"The earliest versions of this story by J.R.R. Tolkien go back to the end of the First World War and the years that followed; but long afterwards, when The Lord of the Rings was finished, he wrote it anew and greatly enlarged it in complexities of motive and character: it became the dominant story in his later work on Middle-earth. But he could not bring it to final and finished form. In this book I have endeavoured to construct, after long study of the manuscripts, a coherent narrative without any editorial invention."
- Note on Pronunciation
- Narn I Chîn Húrin: The Tale of the Children of Húrin
- I. "The Childhood of Túrin"
- II. "The Battle of Unnumbered Tears"
- III. "The Words of Húrin and Morgoth"
- IV. "The Departure of Túrin"
- V. "Túrin in Doriath"
- VI. "Túrin among the Outlaws"
- VII. "Of Mîm the Dwarf"
- VIII. "The Land of Bow and Helm"
- IX. "The Death of Beleg"
- X. "Túrin in Nargothrond"
- XI. "The Fall of Nargothrond"
- XII. "The Return of Túrin to Dor-lómin"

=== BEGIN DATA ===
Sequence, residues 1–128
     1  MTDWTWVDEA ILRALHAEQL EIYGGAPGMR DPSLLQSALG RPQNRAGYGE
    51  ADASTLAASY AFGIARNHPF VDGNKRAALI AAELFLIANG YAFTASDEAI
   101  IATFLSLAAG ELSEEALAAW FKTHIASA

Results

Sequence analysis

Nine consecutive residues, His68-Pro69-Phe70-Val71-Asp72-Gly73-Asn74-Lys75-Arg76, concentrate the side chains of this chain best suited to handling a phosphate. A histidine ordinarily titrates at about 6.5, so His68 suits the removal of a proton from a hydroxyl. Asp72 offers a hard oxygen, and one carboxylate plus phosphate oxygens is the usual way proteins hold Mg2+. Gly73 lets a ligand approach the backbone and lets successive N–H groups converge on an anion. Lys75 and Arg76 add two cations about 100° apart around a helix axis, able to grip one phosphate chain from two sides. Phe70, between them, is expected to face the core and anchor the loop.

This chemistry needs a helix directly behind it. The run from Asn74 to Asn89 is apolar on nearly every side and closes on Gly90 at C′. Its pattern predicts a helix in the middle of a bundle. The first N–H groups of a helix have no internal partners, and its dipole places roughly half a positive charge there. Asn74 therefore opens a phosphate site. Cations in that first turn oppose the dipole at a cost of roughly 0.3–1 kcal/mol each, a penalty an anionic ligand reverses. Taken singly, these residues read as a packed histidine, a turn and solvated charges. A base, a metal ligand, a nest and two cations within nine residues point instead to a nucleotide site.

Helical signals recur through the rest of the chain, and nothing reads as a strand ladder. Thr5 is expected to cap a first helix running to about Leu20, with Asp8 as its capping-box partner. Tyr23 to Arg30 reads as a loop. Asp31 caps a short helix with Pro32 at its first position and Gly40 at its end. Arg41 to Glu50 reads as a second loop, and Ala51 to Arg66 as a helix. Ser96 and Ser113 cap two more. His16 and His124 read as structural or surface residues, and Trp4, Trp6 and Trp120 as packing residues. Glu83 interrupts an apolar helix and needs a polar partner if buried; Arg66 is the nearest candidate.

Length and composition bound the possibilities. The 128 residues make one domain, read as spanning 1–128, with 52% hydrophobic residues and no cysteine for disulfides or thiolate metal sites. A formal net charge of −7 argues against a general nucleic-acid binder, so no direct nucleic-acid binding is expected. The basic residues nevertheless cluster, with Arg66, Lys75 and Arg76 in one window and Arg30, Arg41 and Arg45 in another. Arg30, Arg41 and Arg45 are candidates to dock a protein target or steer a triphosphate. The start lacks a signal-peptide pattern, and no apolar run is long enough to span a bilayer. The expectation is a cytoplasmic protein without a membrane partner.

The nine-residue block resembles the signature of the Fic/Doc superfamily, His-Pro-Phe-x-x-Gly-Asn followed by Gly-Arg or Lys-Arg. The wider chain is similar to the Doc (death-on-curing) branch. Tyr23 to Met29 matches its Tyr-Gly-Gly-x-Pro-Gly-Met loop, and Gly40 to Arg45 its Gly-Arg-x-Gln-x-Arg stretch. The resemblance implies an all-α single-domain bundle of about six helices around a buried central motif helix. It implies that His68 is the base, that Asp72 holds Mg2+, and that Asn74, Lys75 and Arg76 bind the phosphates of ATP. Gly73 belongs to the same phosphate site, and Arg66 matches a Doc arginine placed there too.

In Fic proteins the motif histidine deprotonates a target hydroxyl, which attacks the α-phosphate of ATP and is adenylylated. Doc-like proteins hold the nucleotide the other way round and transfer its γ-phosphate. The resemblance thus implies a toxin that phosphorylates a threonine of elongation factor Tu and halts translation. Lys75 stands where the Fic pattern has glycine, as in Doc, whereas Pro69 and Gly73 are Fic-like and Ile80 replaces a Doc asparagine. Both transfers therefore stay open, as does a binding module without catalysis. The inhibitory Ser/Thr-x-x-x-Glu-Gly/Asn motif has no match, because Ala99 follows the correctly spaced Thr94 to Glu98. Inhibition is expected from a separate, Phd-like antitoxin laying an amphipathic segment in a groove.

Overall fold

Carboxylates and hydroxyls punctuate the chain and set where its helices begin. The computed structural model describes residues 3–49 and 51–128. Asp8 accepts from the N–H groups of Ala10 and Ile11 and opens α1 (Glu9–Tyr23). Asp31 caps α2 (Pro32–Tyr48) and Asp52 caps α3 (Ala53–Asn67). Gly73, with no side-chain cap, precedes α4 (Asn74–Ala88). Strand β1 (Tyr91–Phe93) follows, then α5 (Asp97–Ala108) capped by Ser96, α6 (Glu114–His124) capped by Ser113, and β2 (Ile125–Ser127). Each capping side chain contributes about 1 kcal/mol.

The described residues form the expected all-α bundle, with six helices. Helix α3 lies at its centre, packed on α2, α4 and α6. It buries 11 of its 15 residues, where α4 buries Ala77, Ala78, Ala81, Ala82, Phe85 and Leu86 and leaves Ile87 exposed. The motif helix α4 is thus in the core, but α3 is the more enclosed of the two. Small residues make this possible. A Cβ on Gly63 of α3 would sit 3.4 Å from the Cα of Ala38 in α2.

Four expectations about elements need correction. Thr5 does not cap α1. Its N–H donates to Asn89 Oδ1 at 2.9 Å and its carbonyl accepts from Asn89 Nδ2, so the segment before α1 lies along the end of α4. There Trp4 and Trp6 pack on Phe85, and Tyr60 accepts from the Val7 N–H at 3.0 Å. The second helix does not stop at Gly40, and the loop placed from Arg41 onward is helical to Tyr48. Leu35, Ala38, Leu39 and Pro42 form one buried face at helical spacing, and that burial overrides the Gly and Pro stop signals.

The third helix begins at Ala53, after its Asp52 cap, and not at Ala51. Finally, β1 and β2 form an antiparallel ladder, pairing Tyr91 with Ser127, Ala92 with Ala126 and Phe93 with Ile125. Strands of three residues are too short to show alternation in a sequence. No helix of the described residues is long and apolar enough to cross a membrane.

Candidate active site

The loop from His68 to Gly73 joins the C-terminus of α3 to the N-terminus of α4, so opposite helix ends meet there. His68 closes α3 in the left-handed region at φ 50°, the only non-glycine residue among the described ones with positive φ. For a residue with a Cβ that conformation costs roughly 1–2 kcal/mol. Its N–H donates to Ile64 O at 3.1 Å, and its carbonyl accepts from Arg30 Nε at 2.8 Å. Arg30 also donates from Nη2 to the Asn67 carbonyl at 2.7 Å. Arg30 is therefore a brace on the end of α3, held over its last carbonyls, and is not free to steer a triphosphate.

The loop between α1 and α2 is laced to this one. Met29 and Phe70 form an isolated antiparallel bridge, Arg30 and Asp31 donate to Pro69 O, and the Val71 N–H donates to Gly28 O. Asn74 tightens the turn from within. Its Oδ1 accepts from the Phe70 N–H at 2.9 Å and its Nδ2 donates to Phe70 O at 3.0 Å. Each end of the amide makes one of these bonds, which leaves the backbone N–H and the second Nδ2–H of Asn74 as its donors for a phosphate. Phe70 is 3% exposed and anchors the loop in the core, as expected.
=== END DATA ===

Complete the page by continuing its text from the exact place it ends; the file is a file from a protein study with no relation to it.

- XIII. "The Coming of Túrin into Brethil"
- XIV. "The Journey of Morwen and Niënor to Nargothrond"
- XV. "Niënor in Brethil"
- XVI. "The Coming of Glaurung"
- XVII. "The Death of Glaurung"
- XVIII. "The Death of Túrin"
- Tables - Genealogies:
- The House of Hador & the People of Haleth
- The House of Bëor
- The Princes of the Noldor
- The Evolution of the Great Tales
- The Composition of the Text
- List of Names
- Note on the Map
 Writings and publication
A brief version of the story formed the base of chapter XXI of The Silmarillion, setting the tale in the context of the wars of Beleriand. Although based on the same texts used to complete the new book, the Silmarillion account leaves out the greater part of the tale.
Other incomplete versions have been published in other works:
- The Narn i Hîn Húrin in Unfinished Tales.
- Items in the History of Middle-earth series, including:
None of these writings forms a complete and mature narrative. The published Children of Húrin is essentially a synthesis of the Narn and of the account found in The Silmarillion.